The ‘Crossroads’ section at this year’s Prague Biennale showcases many renowned and highly talented artists from India. Curated by Kanchi Mehta, it features some of the forms, themes and multitude of mediums explored by them.
Artists featured from India include Nikhil Chopra, Anita Dube, Minam Apang, Sarnath Bannerjee, Sonia Jose, Ranbir Kaleka, Sakshi Gupta, PS Jalaja, Monali Meher, Justin Ponmany, TV Santosh, Shreyas Karle, Riyas Komu, Tejal Shah, Shah Betancourt, Gigi Scaria, Charmi Gada Shah, Sudarshan Shetty, Shine Shivan, T Venkanna, Avinash Veeraraghavan, and Vivek Vilasini.
There is a definite line of thinking and process that links the seemingly disparate choices of artworks made, states the curator, who has made an effort to offer an overview of India's dynamic and thriving art talent from the new generation of artists. The curator obviously wants to represent the trajectory of contemporary Indian art and the way it is shaping, to move to an altogether different level. In the process, it is imbibing an array of influences from the life and people around, accepting them with an open mind.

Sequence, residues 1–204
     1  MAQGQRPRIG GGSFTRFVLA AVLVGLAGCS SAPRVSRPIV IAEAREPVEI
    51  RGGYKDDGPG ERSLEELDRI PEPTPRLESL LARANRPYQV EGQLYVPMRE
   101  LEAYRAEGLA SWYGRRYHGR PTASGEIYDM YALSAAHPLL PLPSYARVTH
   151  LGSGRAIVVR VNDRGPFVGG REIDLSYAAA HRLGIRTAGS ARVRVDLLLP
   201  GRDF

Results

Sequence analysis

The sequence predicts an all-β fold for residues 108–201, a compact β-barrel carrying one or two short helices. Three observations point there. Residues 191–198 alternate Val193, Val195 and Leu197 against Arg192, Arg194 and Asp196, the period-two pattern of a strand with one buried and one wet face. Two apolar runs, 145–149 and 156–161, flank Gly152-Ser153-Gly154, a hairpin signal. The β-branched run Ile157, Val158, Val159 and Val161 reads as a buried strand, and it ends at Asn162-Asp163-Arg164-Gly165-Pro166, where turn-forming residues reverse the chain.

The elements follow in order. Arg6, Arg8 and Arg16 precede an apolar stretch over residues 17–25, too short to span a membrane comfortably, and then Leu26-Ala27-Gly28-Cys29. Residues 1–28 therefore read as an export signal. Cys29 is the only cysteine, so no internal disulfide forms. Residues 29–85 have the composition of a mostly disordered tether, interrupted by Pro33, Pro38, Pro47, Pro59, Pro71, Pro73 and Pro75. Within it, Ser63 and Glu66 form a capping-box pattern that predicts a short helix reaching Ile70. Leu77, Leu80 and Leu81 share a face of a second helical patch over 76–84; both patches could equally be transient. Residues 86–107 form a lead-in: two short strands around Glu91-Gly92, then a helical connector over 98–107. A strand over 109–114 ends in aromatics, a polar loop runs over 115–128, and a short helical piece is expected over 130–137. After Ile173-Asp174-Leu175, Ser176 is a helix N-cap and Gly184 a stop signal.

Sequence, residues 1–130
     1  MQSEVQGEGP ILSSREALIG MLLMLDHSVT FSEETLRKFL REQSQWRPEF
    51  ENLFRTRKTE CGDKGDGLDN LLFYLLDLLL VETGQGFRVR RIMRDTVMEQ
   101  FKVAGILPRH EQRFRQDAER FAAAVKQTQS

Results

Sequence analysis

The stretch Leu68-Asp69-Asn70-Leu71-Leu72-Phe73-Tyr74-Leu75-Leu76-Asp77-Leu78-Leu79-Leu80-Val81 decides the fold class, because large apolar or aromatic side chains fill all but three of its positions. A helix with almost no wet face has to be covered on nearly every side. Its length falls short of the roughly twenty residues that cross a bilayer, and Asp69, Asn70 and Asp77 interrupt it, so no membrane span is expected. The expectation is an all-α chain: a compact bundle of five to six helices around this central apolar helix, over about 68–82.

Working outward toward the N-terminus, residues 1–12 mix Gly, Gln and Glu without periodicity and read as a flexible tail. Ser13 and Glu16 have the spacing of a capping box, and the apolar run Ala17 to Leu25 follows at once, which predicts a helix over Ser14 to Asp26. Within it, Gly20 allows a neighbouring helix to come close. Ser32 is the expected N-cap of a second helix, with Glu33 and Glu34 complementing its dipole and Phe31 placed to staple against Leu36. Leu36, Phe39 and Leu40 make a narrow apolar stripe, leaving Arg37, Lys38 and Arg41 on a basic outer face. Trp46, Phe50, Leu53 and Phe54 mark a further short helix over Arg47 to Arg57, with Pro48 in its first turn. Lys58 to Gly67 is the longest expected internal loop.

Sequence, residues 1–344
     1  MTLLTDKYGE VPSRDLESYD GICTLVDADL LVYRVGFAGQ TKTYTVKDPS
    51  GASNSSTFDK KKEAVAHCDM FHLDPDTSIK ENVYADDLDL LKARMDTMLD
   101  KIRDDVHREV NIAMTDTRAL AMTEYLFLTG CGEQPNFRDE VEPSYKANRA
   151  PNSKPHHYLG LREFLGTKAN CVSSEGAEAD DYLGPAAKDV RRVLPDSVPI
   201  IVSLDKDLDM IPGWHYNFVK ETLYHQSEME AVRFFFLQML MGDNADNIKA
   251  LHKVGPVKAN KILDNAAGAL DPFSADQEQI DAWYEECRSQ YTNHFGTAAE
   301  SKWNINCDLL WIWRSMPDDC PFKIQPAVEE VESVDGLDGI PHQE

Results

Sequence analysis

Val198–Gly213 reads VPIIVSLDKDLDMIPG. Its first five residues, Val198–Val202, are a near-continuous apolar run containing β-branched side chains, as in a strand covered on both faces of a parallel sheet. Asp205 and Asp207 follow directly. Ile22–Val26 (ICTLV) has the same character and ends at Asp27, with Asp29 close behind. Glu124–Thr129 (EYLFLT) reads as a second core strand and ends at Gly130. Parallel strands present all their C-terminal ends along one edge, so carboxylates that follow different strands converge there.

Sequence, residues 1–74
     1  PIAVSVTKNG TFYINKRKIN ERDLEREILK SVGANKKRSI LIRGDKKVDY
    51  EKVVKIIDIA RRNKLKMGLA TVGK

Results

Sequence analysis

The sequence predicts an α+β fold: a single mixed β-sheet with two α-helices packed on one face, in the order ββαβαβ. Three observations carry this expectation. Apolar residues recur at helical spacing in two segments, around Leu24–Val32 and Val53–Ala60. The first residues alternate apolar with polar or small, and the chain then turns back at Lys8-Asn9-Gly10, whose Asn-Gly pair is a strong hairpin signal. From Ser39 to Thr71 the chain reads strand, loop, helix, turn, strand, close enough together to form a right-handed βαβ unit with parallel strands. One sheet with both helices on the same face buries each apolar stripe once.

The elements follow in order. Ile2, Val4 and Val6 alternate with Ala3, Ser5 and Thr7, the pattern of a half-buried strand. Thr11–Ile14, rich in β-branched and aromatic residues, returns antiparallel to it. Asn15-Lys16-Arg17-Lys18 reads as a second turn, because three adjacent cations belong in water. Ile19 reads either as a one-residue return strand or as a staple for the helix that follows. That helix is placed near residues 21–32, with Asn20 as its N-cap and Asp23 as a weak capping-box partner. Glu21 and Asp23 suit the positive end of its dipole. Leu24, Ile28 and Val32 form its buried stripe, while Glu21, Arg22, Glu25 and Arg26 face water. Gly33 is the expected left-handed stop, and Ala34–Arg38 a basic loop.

Among the participating artists, Sarnath Banerjee, primarily a graphic novelist, creates work that reflects the subversive spirit or nature of the form. His installation of pencil drawings at Prague, ‘Middle-Class Hero’, narrates the tale of the legendary Marxist revolutionary, Che Guevara. The artist explains that the work looks to address the Left liberal movement’s hypocrisy,
According to him, the work is an attempt on his part to introduce an element of narrative that Indian art lacks. On the other hand, TV Santosh's engaging oil-on-canvas juxtaposes varied images and influences from the media with features, news, views and articles about the pro-democracy uprising in Egypt.
Through ‘Another Story from a City Square’, he tries to explore the way today’s news media is defining, to a larger extent, the relationship of an individual with the world outside. He has been quoted as saying: "News reports tend to act as our extended visions. They eventually become an integral part of our day-to-day experiences."